The CFTC has also filed a lawsuit against Binance's former chief compliance officer, Samuel Lim. They claim that he helped American customers evade money laundering systems. Lim's lawyer did not respond when asked for comments.

Binance was sued for allowing three American firms, which were not named in the lawsuit, to trade on its platform despite US rules that prohibited this. According to a source familiar with the situation, the firms were Jane Street Group Tower Research Capital Radix Trading. Bloomberg has not indicated that any of the firms are being investigated by federal authorities.

Jane Street's spokesperson declined to comment. Radix Tower Research representatives did not respond to comments.

Binance was also accused of allowing money laundering, which has been proven false in several private lawsuits. Several plaintiffs claim that they were scammed and then cheated by traders of crypto currencies who sent stolen funds to the exchange.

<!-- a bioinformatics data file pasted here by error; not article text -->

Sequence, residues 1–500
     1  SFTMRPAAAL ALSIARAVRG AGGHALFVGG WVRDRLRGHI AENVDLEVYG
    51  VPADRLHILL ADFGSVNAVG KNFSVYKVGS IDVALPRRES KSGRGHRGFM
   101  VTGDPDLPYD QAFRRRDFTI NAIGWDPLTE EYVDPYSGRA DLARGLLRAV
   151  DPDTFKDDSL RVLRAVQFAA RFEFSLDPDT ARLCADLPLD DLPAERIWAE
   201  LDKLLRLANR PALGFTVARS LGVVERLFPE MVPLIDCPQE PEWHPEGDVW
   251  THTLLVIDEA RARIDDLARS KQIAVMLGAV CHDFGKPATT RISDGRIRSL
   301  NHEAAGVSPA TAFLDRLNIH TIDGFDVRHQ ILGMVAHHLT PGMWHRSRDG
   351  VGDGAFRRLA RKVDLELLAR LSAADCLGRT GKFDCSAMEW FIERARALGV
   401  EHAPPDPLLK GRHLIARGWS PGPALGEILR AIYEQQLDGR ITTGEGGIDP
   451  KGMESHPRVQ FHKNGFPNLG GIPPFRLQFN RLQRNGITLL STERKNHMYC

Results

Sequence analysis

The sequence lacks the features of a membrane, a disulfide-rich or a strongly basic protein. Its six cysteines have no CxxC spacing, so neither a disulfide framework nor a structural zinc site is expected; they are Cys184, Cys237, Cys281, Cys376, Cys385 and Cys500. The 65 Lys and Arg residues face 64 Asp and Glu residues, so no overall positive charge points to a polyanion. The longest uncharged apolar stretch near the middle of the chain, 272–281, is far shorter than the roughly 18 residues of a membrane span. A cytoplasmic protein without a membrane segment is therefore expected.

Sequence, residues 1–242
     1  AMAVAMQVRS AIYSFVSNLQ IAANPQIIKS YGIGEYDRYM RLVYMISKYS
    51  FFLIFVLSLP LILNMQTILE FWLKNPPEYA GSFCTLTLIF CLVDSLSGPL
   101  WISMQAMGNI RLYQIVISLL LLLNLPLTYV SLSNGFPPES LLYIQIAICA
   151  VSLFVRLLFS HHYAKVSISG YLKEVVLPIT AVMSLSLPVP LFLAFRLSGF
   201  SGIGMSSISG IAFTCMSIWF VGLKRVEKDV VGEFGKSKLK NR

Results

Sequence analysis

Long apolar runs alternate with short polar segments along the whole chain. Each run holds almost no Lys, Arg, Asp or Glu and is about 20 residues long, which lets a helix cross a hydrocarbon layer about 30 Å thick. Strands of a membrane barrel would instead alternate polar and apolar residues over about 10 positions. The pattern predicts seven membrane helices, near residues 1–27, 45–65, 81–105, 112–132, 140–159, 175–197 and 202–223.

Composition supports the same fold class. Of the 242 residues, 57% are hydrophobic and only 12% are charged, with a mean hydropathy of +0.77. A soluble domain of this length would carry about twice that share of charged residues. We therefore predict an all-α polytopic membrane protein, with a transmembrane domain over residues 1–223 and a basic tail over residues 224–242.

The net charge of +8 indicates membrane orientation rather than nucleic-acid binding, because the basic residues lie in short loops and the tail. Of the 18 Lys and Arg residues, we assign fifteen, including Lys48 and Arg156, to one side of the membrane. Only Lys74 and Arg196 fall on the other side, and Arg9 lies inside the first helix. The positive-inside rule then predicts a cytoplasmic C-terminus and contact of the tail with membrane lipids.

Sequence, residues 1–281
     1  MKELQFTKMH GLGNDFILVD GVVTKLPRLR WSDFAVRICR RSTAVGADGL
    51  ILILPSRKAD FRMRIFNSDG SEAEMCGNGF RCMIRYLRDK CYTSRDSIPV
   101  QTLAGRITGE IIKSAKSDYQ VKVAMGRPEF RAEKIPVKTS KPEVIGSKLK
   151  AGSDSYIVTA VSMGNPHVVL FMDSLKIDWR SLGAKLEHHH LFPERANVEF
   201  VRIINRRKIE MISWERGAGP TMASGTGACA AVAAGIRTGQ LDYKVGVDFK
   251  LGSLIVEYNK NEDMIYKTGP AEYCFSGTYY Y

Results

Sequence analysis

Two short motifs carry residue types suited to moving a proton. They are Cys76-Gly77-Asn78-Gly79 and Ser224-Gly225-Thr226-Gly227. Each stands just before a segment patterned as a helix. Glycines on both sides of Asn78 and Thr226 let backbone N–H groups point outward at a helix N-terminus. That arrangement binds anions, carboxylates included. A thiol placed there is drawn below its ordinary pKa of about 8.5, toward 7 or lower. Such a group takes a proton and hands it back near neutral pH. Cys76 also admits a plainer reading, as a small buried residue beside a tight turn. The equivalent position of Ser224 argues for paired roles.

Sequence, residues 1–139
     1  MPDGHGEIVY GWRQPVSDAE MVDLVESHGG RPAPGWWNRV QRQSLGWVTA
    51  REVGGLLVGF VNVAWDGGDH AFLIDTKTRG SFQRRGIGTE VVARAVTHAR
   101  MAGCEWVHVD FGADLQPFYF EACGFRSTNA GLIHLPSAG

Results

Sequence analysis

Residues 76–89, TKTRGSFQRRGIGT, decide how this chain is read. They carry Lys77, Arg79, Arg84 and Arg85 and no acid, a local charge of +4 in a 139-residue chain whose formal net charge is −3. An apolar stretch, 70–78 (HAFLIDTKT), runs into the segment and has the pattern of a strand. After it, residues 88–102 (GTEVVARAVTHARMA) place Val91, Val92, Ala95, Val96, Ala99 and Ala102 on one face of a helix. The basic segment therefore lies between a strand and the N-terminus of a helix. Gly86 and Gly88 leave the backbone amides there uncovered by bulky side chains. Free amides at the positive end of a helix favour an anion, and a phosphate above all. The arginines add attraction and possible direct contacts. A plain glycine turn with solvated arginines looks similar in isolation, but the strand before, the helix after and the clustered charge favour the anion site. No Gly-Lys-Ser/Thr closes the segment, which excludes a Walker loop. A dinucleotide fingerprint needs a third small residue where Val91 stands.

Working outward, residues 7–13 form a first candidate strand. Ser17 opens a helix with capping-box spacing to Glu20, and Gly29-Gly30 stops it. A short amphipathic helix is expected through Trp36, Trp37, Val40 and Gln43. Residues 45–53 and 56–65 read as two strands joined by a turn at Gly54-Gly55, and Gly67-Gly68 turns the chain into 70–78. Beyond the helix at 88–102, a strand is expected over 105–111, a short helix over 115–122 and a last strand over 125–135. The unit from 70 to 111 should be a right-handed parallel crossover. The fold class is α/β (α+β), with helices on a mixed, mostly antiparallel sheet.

Binance's spokesperson stated that the company works closely with law enforcement in order to freeze funds which are suspected of being illicitly obtained. Binance reportedly helped law enforcement in 40,000 cases worldwide last year to 'thwart criminals'.

Binance is building a robust compliance infrastructure. A spokesperson for the company said that the compliance department now has more than 750 staff, and hundreds have been hired over the last year. Noah Perlman was named global compliance chief in January. He is a former federal prosecutor.

Binance also hired former law enforcement agents. Tigran Gambaryan was an IRS investigator who worked in several of the most high-profile crypto cases that were brought by the government.

Gambaryan stated in an interview that the accusations made against Binance are remnants from an earlier time when Binance was a startup focused on rapid growth.

Binance "sees itself" as a technology company, he added, adding that they break things. All exchanges have done this.